Wallis’s career as an artist began only at the age of seventy.  Little of his life prior to this is known, except that he came from Devon and arrived in St. Ives (the subject of most of his paintings) in 1890 as a marine rag-and-bone dealer.  He had been born into a poor family and probably never attended school, accounting for his semi-illiteracy. He started work as a cabin-boy at the age of nine, and is believed to have worked at sea from then on.


Wallis was finally relieved of financial worries when he received his old-age pension and took up painting ‘for company’.  His neighbour recalled how one day he said:‘Aw! I dono how to pass away time.  I think I’ll do a bit of paintin’. At a time when painting was an occupation reserved almost exclusively for gentleman, Wallis was considered to be rather eccentric, if ”not exactly right in his head”.  However, through his friendship with Ben Nicholson and Christopher Wood, he managed to find patrons.  Despite the fact that he started painting at such a late stage in his life, he produced a huge number of paintings, churning out two or three each day.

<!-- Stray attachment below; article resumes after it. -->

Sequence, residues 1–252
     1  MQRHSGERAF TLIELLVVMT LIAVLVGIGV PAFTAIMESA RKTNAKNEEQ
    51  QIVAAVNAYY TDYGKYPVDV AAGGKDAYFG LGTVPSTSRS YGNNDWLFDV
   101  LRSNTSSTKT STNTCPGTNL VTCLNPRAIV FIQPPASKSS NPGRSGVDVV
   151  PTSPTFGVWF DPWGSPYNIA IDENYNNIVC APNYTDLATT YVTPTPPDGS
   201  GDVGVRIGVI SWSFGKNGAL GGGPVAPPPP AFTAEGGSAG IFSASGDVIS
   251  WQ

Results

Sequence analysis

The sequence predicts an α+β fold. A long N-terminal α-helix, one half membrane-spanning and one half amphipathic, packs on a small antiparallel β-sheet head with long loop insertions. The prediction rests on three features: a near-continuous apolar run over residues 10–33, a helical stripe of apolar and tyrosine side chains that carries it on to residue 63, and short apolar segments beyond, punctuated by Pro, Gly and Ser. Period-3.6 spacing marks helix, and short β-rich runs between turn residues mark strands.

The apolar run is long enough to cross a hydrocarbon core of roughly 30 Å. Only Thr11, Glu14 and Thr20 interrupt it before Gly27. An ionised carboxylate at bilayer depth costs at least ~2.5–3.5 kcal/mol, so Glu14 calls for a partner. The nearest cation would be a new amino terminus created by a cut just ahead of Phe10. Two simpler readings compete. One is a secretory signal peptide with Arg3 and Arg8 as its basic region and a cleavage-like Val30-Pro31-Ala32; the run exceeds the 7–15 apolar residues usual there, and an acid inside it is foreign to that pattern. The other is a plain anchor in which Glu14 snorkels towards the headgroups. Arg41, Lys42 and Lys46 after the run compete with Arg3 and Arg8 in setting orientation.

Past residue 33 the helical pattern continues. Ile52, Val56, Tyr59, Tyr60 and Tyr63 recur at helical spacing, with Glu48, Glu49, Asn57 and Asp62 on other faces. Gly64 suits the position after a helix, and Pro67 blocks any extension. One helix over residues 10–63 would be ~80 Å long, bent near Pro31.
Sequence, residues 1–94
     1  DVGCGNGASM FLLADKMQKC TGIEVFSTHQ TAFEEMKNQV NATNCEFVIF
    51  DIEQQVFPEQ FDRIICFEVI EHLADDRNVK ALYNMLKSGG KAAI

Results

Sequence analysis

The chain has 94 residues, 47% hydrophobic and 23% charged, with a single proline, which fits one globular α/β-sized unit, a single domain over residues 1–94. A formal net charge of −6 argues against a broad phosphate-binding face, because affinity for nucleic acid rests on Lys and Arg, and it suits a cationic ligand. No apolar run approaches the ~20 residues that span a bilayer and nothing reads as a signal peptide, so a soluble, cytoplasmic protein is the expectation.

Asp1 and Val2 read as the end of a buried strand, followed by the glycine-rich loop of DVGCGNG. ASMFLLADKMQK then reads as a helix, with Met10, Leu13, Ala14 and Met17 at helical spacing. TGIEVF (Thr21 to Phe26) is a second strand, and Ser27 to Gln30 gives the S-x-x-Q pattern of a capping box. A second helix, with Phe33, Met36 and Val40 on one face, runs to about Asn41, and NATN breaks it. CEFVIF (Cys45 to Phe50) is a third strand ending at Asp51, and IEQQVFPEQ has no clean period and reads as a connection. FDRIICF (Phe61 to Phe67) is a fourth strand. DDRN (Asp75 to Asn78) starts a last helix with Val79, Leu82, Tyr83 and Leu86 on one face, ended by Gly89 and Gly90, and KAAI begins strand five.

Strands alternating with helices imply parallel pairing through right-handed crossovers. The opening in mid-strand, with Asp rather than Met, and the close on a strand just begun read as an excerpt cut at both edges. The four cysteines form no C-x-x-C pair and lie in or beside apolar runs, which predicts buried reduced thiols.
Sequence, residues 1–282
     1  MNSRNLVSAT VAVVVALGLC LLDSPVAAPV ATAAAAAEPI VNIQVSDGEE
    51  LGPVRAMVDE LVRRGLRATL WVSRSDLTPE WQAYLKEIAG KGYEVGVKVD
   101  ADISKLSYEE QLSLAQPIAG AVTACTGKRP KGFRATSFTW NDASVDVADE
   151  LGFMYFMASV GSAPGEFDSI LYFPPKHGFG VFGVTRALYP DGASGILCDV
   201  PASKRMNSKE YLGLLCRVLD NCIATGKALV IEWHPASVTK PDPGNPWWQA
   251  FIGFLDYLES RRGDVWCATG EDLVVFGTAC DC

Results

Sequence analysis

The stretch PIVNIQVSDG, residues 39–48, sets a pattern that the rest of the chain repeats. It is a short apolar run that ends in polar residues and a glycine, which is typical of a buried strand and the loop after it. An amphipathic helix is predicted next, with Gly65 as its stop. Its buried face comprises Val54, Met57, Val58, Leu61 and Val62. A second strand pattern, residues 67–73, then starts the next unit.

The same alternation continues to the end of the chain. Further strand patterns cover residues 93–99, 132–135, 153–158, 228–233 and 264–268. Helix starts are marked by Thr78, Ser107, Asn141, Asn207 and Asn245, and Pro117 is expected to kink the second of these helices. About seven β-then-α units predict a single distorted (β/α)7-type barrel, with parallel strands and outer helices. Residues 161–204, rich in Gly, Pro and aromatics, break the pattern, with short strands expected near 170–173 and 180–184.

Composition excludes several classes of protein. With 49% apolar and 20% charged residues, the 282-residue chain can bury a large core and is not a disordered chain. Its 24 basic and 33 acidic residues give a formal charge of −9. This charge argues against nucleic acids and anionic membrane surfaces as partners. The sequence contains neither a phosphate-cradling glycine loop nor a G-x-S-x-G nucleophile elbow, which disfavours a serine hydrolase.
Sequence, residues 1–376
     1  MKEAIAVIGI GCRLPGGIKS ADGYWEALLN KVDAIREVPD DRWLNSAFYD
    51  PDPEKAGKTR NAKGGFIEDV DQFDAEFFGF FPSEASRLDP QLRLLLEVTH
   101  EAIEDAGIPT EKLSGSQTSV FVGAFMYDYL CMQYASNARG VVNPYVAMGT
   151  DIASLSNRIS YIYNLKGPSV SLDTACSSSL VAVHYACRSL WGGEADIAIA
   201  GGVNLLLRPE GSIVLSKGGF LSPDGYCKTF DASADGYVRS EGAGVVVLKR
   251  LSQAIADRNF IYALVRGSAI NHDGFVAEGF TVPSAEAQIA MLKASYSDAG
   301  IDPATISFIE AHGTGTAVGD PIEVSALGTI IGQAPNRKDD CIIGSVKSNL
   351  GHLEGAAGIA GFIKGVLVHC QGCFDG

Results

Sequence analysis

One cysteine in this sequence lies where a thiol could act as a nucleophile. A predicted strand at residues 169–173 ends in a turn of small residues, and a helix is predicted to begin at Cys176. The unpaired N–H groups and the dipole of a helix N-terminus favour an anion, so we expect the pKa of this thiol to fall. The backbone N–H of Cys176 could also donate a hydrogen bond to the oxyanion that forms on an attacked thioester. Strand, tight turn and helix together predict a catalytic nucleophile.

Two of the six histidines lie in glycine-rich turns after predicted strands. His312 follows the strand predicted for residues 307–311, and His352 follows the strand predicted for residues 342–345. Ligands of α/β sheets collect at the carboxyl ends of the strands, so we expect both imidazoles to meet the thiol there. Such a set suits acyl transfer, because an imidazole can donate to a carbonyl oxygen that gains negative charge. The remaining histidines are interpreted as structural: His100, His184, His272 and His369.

Wallis’s paintings betray a deep nostalgia for the fishing industry of his youth.  He had witnessed the Cornish fishing industry flourish and then flounder and die and could remember when the harbour at St. Ives had been crowded with mackerel boats or schooners had been loaded up with Cornish pilchards bound for Italy.  His painting style might be described as naive but it was precisely because Wallis was so concerned with reality that his paintings appear to evade realism.  It was an experience that Wallis endeavoured to convey rather than a description of reality.